National treasure: The first Bible in Latvian

Take note – story published 7 years and 8 months ago

The first Bible in Latvian, translated by Ernst Glück and published in the late 17th century, was a great event for Latvian culture, Gustavs Strenga, leading researcher at the Latvian National Library looked at the book for the Latvian Radio strand showcasing six Latvian books from six centuries.

"What's most important is that the text printed in this book is part of our cultural code," said Strenga.

As the Protestant Reformation accelerated in northern Europe and Martin Luther became an authority in the Protestant Church, he emphasized the word of God in his teachings.

The Bible was translated into the languages of the larger northern countries in the early 16th century, however the Bible was translated fully into Latvian, Lithuanian and Estonian only in the 17th century.

In 1682, a theologian named Johann Fischer from Lübeck arrived to Latvia and set off to have the Bible translated into Latvian. He turned to the King of Sweden who provided considerable sums for translations into Latvian, and two dialects of Estonian.

The Bible was translated into the three languages simultaneously, and Ernst Glück had translated parts of it by 1689 when the New Testament was released, albeit not made available to the general public. 

The full translation of the Bible was finished in 1694. It was by all means a doorstopper, spanning 2,500 pages.

"The Bible is not only the first large text corpus in Latvian, but also a huge event for Latvian culture, as a text was made, [..] which we have used and are partially using now for almost three centuries now," said Strenga.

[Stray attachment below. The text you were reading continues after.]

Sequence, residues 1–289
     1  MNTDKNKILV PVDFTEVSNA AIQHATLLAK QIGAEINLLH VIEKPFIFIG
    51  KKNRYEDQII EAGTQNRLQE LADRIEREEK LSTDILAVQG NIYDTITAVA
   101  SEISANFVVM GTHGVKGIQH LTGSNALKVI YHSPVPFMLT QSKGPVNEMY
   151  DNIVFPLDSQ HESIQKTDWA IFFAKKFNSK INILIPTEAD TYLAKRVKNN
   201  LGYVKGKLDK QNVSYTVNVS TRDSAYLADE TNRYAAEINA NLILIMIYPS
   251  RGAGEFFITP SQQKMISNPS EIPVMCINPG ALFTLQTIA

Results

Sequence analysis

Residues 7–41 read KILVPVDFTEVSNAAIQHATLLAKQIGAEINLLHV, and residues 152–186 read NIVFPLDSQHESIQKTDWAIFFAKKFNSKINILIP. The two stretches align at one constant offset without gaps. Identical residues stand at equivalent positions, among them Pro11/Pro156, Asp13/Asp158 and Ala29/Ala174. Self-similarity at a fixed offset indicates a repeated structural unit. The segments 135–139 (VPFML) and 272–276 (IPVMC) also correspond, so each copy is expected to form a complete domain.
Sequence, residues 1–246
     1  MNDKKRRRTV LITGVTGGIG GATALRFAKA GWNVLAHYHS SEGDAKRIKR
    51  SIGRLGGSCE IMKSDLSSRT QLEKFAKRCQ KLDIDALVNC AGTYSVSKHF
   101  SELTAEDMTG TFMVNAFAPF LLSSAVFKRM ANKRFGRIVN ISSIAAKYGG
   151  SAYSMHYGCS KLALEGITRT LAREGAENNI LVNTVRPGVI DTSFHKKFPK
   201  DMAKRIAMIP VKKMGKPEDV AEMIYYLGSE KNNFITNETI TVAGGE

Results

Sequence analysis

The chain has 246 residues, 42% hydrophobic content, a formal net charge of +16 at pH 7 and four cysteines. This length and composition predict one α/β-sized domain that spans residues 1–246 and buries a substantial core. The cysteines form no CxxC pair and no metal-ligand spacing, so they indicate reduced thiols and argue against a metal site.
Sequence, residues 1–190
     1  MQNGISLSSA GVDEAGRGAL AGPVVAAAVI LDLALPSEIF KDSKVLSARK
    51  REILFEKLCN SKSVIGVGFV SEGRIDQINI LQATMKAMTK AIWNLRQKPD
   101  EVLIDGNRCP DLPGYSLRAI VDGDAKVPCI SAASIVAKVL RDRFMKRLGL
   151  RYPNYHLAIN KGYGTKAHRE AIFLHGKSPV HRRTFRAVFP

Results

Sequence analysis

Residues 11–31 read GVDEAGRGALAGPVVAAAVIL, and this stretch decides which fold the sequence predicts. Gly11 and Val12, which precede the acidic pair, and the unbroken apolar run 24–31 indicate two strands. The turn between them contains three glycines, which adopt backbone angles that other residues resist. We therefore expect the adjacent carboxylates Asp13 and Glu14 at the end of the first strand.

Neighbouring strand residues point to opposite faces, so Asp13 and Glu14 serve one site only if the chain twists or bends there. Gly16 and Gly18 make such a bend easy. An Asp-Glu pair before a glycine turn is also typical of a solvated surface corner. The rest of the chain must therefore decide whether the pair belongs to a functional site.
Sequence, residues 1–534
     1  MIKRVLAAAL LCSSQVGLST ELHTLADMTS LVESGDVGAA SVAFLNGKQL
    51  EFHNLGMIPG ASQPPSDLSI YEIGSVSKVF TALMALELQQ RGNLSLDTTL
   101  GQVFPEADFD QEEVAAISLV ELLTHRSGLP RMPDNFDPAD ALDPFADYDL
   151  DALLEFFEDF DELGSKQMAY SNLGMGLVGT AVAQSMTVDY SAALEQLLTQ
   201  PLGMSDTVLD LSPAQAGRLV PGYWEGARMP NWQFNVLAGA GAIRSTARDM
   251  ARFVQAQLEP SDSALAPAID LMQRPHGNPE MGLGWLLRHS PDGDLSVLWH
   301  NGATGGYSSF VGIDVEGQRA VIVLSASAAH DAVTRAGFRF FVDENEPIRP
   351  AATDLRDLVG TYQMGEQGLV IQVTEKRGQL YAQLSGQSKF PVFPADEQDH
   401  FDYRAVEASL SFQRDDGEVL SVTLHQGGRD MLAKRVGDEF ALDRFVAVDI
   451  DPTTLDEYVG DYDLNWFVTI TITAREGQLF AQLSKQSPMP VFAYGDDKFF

Upon arriving in Rīga, Fischer not only had the Bible translated into three languages, but also established the royal printing house. There, the Latvian Bible was printed in 1,500 copies, of which 250 were given to churches and schools in Vidzeme, while 800 were bought by Latvian peasants.

"It shows that despite the unavailability of a translation of the Bible, there were favorable circumstances in Vidzeme for people to be able to read longer texts," said Strenga.

Thousands or even hundreds of thousands of people here learned to read the Bible, gospels and song books that were a great part of people's lives up until the late 19th century.

On its 97th anniversary on August 29, the National Library of Latvia will unveil a permanent exhibition "Book in Latvia", a story about the Latvian book trade in a global context.

Below is a video of Strenga describing the book, which seems rather thick indeed.

Seen a mistake?

Select text and press Ctrl+Enter to send a suggested correction to the editor

Select text and press Report a mistake to send a suggested correction to the editor

Related articles


Most important